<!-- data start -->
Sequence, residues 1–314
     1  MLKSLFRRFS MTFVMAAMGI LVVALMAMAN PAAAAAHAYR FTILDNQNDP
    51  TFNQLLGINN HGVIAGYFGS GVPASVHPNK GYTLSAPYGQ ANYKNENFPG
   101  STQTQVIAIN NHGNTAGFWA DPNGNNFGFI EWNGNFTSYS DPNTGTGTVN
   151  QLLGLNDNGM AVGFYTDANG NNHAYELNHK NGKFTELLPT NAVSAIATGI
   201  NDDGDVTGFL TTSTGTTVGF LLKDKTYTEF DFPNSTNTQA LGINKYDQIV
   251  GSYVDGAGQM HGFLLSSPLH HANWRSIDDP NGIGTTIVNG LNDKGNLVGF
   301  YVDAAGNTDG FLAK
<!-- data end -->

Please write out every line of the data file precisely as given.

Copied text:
Sequence, residues 1–314
     1  MLKSLFRRFS MTFVMAAMGI LVVALMAMAN PAAAAAHAYR FTILDNQNDP
    51  TFNQLLGINN HGVIAGYFGS GVPASVHPNK GYTLSAPYGQ ANYKNENFPG
   101  STQTQVIAIN NHGNTAGFWA DPNGNNFGFI EWNGNFTSYS DPNTGTGTVN
   151  QLLGLNDNGM AVGFYTDANG NNHAYELNHK NGKFTELLPT NAVSAIATGI
   201  NDDGDVTGFL TTSTGTTVGF LLKDKTYTEF DFPNSTNTQA LGINKYDQIV
   251  GSYVDGAGQM HGFLLSSPLH HANWRSIDDP NGIGTTIVNG LNDKGNLVGF
   301  YVDAAGNTDG FLAK